A half-baked science GCSE was pushed through by the government, leaving pupils with a dumbed down qualification not worth the paper it's written on.
The exam watchdog has slammed tests as being far too easy but it's ministers who now need to learn the lessons of their GCSE science exam sham.
After two years of playing with the future of our children and moving the goal posts to hit unrealistic targets, regulator Ofqual has finally nailed the "dumbed down" science GCSEs with too many multiple choice papers and superficial questions which are no longer a challenge to the brightest pupils.
Both the LibDems and Tories have hit on New Labour failings exposed by the report which said there had been "an overall decline in the standards of performance" and the papers are now easier. The specifications for the science, additional science and physics exams raised "significant causes for concern."
Now CSE boards have been told they must sharpen up their act to improve the quality of science questions in order to stretch and challenge students and the entire science specification should be rewritten.
The controversial new GCSE in single science has led to more than 500,000 students being told their qualification has been "dumbed down" because of "significant causes for concern" about the quality of the exams last year.
The regulator, Ofqual, ordered a review of the controversial new GCSE in single science after an investigation found a "lack of challenge" in papers, standards differing wildly across three main exam boards, and too many multiple-choice questions.
Ofqual blames the monstrous exams quango, the qualification and curriculum authority but it was the government which rushed in the GCSE before pilots were finished.
Concerns were raised about the 21st-century science GCSE since its teaching began in September 2006.
Ministers and their New Labour lackeys reckon this is a science problem not a GCSE problem, coming out with the usual uneducated NewLabourSpeak.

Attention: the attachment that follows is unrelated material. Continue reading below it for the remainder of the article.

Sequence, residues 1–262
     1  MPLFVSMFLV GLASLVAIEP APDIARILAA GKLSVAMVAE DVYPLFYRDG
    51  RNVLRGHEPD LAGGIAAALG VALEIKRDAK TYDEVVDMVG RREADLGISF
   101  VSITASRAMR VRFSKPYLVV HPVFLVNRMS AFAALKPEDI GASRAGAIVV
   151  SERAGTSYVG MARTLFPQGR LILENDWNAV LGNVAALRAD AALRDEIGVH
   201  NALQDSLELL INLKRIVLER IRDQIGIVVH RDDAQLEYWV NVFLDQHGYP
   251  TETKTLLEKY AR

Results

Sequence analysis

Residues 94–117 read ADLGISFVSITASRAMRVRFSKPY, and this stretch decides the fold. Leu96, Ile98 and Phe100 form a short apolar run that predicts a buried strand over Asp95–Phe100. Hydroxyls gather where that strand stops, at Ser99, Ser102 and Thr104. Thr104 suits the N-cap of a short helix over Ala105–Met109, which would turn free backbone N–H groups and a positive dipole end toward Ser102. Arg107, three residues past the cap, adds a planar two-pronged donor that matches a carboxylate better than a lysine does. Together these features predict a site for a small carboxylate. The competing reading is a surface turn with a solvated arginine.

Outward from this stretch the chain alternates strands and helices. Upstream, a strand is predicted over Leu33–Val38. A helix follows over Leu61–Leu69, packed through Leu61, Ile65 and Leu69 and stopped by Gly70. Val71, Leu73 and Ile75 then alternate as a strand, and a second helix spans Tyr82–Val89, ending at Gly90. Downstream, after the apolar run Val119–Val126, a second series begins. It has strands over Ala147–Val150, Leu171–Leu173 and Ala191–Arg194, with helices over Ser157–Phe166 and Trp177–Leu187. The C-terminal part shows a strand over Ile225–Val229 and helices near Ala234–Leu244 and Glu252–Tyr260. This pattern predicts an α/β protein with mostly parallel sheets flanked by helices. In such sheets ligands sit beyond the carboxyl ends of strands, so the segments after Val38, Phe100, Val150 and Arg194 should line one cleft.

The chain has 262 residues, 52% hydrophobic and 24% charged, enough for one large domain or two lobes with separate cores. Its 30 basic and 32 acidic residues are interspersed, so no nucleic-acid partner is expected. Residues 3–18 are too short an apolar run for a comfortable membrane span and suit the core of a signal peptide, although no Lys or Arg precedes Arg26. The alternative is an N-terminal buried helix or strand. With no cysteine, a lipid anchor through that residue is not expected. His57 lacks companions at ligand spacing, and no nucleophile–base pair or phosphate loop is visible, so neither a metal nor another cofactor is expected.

But the report will trigger concerns because those GCSEs are entirely modular and that's the model all GCSEs will follow from September.
At the risk of stating the obvious, GCSE science tests are far too easy. Bright pupils just sail through. And that is an insult to the hard-working children who are forced to sit a set of worthless exams and then lulled into a false sense of academic achievement which does no-one any favours, not least the pupils.
The warning bells were sounding back in 2007 when a science and technology select committee report noted the rollout of the science GCSE was rushed in without piloting, at a time when there was panic about not enough students coming through to the universities.
Many private schools have switched to teaching the more traditional International GCSEs to stretch bright pupils, in a move criticised with breathtaking arrogance by school's secretary Ed Balls as being out of touch with the reality of "our education system".
His education system maybe but not "ours". Anyone with the best interests of all our children's future at heart will be shocked by these findings. How on earth can the country hope to get top-notch scientists for the future?
In one of his rare forays away from saving the world, Brown recently pledged to double the number of pupils in state schools taking three separate science GCSE exams in physics, chemistry and biology, by 2014.
Just moving the goal posts and making exams easier is a shameful way to achieve a misguided and unrealistic political promise.